The projects are tied together through a same time, same method kinda thing.  Both are ultra-composed, nothing left to chance, no physical playing, everything drawn in by hand, and everything on the same software.  Gnar Hest mutated out of something that I thought was fucking wicked, but couldn’t see it as Klad Hest ‘cause there was no groove.

Team Brick from Mintonfilm on Vimeo.

Being so meticulous in your programming runs counter to a lot of other musicians who might put out records or play shows in your immediate vicinity, who’s work might be characterised – in part – by improvisation and allowing mistakes.  Is there an element of wilful perversity involved?

I don’t get that really… I don’t see any perversity, wilful or otherwise.  In a way, the compositional techniques are just as close to the improvisational techniques I used in Team Brick, i.e. EVENT 1 will lead into EVENT 2, via BRIDGE 1. BRIDGE 1A will START HERE LIKE THIS, WHICH MUST LEAD TO BRIDGE 1A INTO EVENT 2 etc etc etc ‘til I get a headache and feel ill from too much diet Coke.

So is it more the case that both ways of working come from the same root and are just filtered differently by the instrumentation and technology?

Yeah, that seems to make more sense.  I’ll generally start from one thread and examine different ways of looking at it, meticulously or haphazardly.

Do you think in terms of structure when it comes to improvisation?

I think there’s always a structure in improvisation, free or polished.  Either it’d be “How do I Get to Point B”, or “What IS Point B?”

Matt Loveridge

I spent a while the other day looking for stuff that you’d released or made streamable under the Fairhorns moniker.  Do you have anything forthcoming?

There’s a Fairhorns recording, but I’m shopping it around at the moment, trying to find a label for it.  At the moment, all that exists is a 13 second video clip on my blog.

Is Knife Library a similar kind of minimalist endurance test to your performance as Team Brick at the Mach Nausea Festival in 2009? Not endurance for the listener, endurance for you on piano. It looked pretty exhausting and fairly painful…

Knife Library is still larval, but the seed’s there… the idea is for it to be gruelling at times, but also with big chunks of white space.  I reckon you’ll notice bits of the old in whatever new thing I’m doing.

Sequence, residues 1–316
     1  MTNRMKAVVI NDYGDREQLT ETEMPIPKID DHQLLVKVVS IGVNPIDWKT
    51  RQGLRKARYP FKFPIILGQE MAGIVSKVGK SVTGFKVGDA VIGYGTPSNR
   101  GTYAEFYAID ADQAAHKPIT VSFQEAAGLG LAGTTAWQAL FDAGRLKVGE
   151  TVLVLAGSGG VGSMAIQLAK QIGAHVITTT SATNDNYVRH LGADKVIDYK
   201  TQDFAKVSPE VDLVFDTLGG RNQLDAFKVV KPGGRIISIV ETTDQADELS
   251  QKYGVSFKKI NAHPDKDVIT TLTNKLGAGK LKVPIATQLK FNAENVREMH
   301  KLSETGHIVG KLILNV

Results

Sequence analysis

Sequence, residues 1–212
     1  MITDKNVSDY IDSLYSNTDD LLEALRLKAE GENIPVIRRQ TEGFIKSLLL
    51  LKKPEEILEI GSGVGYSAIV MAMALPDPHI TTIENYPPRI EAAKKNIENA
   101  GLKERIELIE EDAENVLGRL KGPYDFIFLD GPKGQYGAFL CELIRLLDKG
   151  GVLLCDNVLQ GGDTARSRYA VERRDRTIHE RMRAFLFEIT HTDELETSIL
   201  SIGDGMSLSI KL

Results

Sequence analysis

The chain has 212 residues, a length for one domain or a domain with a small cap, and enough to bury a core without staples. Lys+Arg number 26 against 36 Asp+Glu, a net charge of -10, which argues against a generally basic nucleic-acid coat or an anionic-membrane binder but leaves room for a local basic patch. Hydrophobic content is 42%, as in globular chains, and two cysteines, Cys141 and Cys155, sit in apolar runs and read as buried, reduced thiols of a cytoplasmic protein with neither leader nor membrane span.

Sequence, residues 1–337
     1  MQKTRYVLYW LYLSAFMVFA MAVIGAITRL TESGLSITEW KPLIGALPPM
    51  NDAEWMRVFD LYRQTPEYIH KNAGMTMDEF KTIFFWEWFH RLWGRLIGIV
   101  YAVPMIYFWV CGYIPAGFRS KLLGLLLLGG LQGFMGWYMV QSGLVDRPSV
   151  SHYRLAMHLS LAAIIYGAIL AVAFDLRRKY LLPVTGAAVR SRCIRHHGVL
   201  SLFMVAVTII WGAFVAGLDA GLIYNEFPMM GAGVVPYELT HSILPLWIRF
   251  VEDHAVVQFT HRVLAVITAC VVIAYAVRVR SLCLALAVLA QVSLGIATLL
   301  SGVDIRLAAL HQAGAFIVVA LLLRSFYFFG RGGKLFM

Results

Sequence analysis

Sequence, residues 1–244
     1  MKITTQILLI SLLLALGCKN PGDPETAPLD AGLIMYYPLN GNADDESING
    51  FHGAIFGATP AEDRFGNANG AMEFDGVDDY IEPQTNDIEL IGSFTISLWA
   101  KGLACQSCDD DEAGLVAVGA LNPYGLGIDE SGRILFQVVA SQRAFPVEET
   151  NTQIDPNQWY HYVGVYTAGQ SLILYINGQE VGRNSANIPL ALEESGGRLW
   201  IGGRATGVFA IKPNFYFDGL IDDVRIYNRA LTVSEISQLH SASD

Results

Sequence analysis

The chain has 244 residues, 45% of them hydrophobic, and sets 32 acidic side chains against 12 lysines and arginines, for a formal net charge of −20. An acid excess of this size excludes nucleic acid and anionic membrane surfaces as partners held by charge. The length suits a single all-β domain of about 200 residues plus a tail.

Your performances often seem to incorporate an endurance element, in that they frequently seem to be quite physically and emotionally draining for you, or seem quite publically cathartic. What draws you to that way of working?

Maybe it’s just ’cause I’m a miserable fuck and music is the only thing that’s ever worked out for me!  Music has always been the most powerful and rewarding thing in my life, regardless of its status, just wicked sounds all day, I guess I’m not the most emotive chap around and music is a useful way of processing the emotional part of my life…

As for endurance-test on my part, whenever I play I completely zone out (if I don’t it doesn’t work right), I kinda pass out and just come to at the end, sweating and shaking and knackered with a sore throat and heart.

How did you get into that kind of unconscious, ecstatic performing?

Purely by accident, probably…

Team Brick @ The Miller. London Bridge,9th March 2009. from dan marner on Vimeo.

Matt LoveridgeSo you encountered it by chance, in experiential terms first, before you discovered any precedents for it?  Have you looked into other people or groups that operate in a similar manner?

I always just assumed that’s what happens when improvising happens like it should, so also just expected that to be the case with most folk who did similar… I never sought out any similar people because it seemed as basic as trying to find a friend who also wore socks.

Did it come as a surprise to realise that not everyone experiences that state, or at least not with any kind of consistency?

I’m only just considering it now, and yeah maybe it’s a bit of a surprise.  But then some people drink Tetley, and some drink PG, so it shouldn’t be that much of a surprise.

Do you require any kind of preparation to enter your performance state? Is there anything you do to acclimatise after a performance?

Generally it would occur during the start of a show, I tried to make sure I got there by starting most of the sets with something slowburning and repetitive.  Mostly I just get nervous, pace around and chain smoke.